East Med Pipeline: the “Game-Changer” Europe Chooses to Ignore

East Med pipeline proposal presented by the Greek Public Gas Company (DEPA) for the

connection of Cyprus with the Greek mainland via the island of Crete has recently been

included in the PCI list (“Projects of Common Interest”) by the EU authorities. Its estimated

annual flowrate would be equal to 8 billion cubic meters in return of a construction cost of

approximately 5 billion USD. This should eventually establish a physical interconnection

between the European mainland and the gas reserves at the Eastern Mediterranean basin

(Israel 1400 bcm, Cyprus 1250 bcm, Lebanon 750 bcm according to estimates from the

Israeli Ministry of Energy).

Although some may argue that the prospective flows through this pipeline will not have a

noticeable impact on the overall EU energy supply picture (409 bcm in 2014), the potential

of East Med pipeline to become a real “game-changer” for Southeastern Europe should be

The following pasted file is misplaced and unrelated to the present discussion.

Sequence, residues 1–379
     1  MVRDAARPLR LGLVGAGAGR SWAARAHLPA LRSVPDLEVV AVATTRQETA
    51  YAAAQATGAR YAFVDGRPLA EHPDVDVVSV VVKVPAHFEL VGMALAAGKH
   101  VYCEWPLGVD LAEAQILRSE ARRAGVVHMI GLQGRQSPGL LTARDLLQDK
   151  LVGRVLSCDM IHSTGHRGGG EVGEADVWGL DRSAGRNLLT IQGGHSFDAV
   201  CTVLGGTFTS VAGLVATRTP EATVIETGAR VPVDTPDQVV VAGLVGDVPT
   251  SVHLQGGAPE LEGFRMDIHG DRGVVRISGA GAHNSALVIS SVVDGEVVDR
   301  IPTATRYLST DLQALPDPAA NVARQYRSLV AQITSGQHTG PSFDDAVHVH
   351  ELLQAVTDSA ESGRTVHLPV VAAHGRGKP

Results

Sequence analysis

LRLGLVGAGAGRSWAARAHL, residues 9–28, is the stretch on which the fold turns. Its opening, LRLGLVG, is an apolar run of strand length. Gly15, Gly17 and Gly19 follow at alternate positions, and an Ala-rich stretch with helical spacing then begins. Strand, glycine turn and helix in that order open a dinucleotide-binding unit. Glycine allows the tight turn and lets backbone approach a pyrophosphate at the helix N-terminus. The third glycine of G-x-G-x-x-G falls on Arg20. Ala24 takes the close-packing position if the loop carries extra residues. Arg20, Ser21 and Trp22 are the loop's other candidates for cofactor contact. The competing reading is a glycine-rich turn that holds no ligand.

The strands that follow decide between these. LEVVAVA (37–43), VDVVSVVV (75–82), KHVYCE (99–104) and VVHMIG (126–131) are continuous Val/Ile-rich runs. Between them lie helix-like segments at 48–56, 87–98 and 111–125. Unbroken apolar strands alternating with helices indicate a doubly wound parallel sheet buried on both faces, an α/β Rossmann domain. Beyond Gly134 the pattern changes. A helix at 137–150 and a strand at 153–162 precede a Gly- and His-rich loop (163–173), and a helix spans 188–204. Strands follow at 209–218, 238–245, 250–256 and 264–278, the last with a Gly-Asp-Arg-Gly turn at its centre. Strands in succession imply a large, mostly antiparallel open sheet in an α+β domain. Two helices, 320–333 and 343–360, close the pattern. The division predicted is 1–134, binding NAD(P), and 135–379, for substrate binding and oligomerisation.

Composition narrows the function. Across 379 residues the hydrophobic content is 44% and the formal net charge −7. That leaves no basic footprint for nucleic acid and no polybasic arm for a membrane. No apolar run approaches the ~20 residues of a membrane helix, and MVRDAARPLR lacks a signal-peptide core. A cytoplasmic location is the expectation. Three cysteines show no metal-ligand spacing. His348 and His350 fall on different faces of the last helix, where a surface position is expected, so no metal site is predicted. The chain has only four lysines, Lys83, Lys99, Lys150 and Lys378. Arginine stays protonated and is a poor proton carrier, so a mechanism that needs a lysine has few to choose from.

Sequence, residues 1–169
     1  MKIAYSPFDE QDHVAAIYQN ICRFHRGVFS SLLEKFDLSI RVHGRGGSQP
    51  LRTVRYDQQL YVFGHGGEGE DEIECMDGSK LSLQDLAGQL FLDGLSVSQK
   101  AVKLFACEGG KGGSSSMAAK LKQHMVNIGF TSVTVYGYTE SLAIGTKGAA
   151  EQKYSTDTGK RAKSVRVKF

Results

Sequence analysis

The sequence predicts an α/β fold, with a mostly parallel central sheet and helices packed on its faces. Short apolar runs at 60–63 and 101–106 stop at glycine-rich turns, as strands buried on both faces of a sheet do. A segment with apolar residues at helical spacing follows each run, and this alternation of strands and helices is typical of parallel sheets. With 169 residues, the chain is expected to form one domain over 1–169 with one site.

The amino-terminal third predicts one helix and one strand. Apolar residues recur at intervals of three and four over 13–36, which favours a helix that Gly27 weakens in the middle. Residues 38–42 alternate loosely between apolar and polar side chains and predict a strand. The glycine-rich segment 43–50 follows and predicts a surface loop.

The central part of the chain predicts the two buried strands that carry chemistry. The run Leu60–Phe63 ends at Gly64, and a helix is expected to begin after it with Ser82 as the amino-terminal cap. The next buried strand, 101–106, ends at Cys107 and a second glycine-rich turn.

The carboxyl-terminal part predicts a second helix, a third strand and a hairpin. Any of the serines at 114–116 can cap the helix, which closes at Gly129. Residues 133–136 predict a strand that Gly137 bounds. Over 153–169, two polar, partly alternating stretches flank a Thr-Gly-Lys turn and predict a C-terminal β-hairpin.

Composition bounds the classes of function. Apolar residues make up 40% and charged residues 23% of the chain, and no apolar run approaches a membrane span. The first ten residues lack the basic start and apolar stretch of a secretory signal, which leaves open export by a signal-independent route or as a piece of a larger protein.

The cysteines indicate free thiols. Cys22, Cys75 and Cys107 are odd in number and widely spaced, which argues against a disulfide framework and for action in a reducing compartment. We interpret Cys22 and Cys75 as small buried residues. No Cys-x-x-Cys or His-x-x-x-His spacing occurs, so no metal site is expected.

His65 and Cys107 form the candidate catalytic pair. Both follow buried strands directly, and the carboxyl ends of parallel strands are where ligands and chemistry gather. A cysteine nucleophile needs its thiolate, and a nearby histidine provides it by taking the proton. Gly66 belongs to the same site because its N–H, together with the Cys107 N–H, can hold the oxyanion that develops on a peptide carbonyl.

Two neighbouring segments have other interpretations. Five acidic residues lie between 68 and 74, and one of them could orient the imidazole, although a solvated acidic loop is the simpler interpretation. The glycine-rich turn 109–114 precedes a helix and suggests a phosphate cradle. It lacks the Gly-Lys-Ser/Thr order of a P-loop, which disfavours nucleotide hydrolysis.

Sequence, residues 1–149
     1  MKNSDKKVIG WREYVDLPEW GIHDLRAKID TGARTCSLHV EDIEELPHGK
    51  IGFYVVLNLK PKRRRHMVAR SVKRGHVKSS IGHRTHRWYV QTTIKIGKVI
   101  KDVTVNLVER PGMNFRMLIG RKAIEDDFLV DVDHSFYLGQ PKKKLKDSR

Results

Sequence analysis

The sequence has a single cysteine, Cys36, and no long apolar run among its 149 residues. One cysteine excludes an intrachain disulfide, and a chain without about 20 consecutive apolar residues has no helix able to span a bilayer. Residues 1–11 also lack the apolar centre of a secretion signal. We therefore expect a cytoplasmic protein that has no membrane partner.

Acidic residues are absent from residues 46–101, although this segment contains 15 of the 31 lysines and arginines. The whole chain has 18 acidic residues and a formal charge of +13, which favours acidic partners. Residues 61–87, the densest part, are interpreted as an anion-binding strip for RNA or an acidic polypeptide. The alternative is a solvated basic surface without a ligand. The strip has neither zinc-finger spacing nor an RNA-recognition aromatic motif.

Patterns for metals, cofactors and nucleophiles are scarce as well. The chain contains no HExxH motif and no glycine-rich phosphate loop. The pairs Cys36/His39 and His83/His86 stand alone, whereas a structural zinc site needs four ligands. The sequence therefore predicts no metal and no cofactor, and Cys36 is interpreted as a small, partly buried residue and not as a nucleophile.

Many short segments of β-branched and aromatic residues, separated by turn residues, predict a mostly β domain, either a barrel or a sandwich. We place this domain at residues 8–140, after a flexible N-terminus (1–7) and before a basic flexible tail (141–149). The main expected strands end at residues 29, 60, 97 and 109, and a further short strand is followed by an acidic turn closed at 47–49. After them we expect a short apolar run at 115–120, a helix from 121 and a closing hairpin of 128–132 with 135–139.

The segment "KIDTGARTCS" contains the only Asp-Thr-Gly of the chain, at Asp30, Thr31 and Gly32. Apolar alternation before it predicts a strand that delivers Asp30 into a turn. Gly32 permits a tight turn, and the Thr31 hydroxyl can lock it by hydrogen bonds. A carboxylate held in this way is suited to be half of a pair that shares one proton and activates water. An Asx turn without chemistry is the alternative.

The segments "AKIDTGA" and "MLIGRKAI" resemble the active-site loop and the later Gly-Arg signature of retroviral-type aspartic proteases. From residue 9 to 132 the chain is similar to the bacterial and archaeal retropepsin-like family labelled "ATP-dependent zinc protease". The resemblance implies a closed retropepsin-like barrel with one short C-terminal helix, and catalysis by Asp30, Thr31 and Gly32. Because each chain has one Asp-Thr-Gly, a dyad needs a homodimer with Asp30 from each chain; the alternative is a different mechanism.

unquestionable. Its projected annual flowrate could match the Russian gas volumes currently

exported to the four largest Balkan markets combined; Romania, Greece, Bulgaria and Serbia.

In other words, for the first time Gazprom would obtain a real contestant in the region and

consecutively supply alternatives and market competition could almost double. Besides the

significant economic benefits of expanding the number of market players, using Cypriot (i.e.

domestic to the EU) and other Eastern Mediterranean natural gas to expand the supply options

of European markets is a direct implementation of the European Energy Security Strategy,

the importance of which has only increased in the face of recent sharp changes in Russian

foreign policy behavior......contine reading

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